This story is to remind you that, for women, routine is actually dangerous.

I grew up in a small suburb and was a pretty flush teenager thanks to the local ice cream shop where I worked since my freshman year, saving up enough to buy my own car the second I had my license. My senior year I dumped sports to work more because I wanted money and freedom more than stupid pins on a letter jacket. I wasn’t good enough to play in college, so what was the point?

I had a pretty predictable routine. I would get home from school, bum around for an hour, and then head to work which was about a 5 minute drive from my neighborhood to the center of town. I did this 4-5 days a week since the start of school, unless I gave a shift to someone at the last minute. I drove a VERY distinctive 1980s blue Caprice, an absolute boat covered in bumper stickers. There was no hiding where I was because of my car, and it actually got me busted for skipping school earlier that year when my mom drove home from work because she forgot something and saw my car parked at the local breakfast joint. She came in and ripped me a new one for ditching first period to eat pancakes and drink coffee with my friends who had graduated the year before (that’s how benign my rebellious streak was).

By October, I had been doing the same damn thing Monday-Friday for two months. Longer if you consider that I worked for years. It’s hard to notice patterns if you aren’t looking, but eventually I noticed a car, a sedan with darkly tinted windows, that would stay running in the parking lot of the strip mall where the store was located. I don’t remember when I started noticing this, or when it occurred to me that this was odd, or “hey, wasn’t that car here Tuesday and Wednesday too?” Maybe it was when the days started getting shorter and it got dark earlier that I began to think more about the car parked in the lot. It was always running too, I would go out and change the trash by the benches in front of the store and I could hear it. I never saw anyone get in or out. We shared the parking lot with a salon, a cigarette/cigar shop, and a pizza place, among other stores,so the cars parked in the lot weren’t only our customers. Our store could be dead but the lot full. I noticed the car frequently, even noted that it was odd, but I never connected its presence to me.

Until the afternoon I got home from school and saw the car parked down the street from my house.

I was unsettled, but convinced myself it was a coincidence. Yeah it looked like that car from the parking lot, but that was a very general looking could have just been similar. I drove to work as usual, and the car didn’t show up. When I got home that night (the car was gone, I checked) I said hi to my parents, changed, and drove to my best friend’s house on the other side of my subdivision to watch a movie. I left her house around one, and as I got into my car where it was parked on the street, something inside me told me to scan the area. Once again, I saw the car. The street was pretty empty, most people parked in their two car garages, and between the street lamps and the moon, it was bright enough that I was sure it was the car. I felt that awful, queasy feeling that creeps into your tummy when you know something is very wrong. I got in my car quickly and locked the doors. This was before I had a cell phone, and my friend’s parents were asleep, and she had probably locked the door behind her. My mind was racing. What if the driver wasn’t in his car anymore? What if he got me when I went tried to go back to her house? I’d seen enough teen horror to know not to get out of the car (but I did check the back seat about thirty times). I decided to race home, and then realized...he knew where home was too.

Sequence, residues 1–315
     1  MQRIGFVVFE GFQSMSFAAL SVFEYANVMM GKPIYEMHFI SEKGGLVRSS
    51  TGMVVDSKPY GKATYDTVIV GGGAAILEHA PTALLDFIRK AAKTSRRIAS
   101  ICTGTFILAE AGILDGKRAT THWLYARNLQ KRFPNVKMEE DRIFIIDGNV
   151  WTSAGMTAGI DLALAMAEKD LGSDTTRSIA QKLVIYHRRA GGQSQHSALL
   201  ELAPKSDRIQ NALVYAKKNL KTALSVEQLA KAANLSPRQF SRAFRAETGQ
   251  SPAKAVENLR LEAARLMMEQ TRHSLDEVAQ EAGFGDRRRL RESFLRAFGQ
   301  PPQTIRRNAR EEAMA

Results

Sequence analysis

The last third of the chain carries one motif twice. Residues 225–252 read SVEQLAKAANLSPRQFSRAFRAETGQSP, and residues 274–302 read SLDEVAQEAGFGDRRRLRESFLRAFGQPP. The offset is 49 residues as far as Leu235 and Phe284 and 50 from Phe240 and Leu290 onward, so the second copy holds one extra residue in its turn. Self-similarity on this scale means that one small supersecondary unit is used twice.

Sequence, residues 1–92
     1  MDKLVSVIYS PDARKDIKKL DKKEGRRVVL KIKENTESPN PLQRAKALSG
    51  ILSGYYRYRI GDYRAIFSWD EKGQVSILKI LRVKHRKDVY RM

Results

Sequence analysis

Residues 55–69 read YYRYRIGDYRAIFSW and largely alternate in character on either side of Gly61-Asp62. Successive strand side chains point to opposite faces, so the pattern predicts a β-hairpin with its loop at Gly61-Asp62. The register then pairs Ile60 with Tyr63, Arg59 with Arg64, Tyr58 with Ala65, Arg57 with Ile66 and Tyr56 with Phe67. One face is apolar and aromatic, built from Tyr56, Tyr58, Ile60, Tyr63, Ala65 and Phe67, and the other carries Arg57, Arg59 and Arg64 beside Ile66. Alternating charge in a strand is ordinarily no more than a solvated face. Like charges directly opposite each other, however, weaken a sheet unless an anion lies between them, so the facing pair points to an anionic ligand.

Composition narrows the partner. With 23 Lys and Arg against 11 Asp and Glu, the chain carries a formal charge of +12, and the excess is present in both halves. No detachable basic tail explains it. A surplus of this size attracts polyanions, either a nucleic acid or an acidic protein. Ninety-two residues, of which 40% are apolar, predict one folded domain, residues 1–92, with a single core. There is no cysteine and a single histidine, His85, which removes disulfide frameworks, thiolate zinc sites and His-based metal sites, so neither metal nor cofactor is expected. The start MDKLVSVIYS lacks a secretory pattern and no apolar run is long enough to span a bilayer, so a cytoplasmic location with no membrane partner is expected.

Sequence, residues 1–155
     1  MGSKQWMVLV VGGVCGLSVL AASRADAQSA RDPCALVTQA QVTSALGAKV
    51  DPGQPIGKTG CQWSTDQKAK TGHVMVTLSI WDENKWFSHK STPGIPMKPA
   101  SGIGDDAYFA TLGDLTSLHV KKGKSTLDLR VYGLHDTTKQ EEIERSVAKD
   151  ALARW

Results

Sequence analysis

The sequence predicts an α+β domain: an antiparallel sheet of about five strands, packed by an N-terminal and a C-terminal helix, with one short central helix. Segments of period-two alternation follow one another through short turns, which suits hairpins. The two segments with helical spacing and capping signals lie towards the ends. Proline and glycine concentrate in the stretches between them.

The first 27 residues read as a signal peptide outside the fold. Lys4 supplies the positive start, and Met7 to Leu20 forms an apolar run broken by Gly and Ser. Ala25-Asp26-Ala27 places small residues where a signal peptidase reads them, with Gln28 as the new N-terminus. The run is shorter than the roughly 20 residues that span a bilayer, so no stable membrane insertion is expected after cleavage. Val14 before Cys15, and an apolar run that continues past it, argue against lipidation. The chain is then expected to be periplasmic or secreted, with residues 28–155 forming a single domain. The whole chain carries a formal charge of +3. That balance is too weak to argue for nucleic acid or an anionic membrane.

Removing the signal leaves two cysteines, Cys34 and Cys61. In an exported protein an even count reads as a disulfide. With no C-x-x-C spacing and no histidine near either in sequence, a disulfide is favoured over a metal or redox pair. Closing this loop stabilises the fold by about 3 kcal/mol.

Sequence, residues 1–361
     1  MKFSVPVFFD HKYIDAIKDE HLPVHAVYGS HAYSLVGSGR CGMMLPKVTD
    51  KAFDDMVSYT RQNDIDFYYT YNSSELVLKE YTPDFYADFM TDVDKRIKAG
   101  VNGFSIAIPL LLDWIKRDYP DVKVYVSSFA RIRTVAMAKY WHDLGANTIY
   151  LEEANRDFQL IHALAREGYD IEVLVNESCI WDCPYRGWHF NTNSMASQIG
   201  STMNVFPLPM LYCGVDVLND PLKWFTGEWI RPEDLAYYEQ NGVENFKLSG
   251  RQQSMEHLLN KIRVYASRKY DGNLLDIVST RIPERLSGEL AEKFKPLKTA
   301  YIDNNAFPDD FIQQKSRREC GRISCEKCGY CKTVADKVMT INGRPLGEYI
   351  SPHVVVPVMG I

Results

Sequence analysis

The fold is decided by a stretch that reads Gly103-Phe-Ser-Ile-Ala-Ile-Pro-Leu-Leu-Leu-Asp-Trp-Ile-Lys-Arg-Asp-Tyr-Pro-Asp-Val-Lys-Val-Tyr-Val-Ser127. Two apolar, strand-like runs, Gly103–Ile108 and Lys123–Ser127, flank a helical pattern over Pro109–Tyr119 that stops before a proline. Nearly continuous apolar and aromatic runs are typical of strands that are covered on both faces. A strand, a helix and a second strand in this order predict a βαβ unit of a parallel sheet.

I drove home a different route, snaking through my big, winding subdivision, doubling back down other streets, taking an extra 30 minutes. I arrived home wide eyed and terrified and parked my car in the driveway and RAN inside the house, checking all the doors. I debated waking my parents to tell them what had happened, but in the safety of my own home I decided I was probably overreacting. I’d mention it in the morning. I went to bed, but I don’t think I slept. I was up multiple times, looking out my window each time I heard a car come down our sleepy suburban street. I started thinking about all the time spent in my room with the light on and my blinds up. I thought of the big, glass windows of the brightly lit store and all the times I had taken the trash out at work, alone, in the dark. I started to think about how long this may have gone on.

The next morning I told my parents that I thought a car might be following me. I had seen it outside my work, and outside our house, and eventually outside my friend’s house. I was a good kid, and my parents were good parents, they believed me and asked if I wanted to call the cops. I said no, I felt silly, the cops would think I was being hysterical. Nothing happened, I was overreacting. My parents hmm’d and hawed and instead my dad insisted on sitting in the parking lot of my work in to see what was what. The next day I drove to work following my usual routine. Like clockwork, just after I arrived at work, so did the car. However, this time, my dad was already sitting in HIS car. He immediately got out and walked up to the driver’s side of the car, the tint was too dark to make out much, but as soon as he got within knocking distance of the window the car quickly pulled away. We called the cops, and because we were a small town they didn’t have much to do they put an officer in the parking lot AND on our street. I never saw the car again but I learned a valuable lesson about changing up my routine and I shudder to think what that very patient guy was working towards and how much he depended on me sticking with my routine.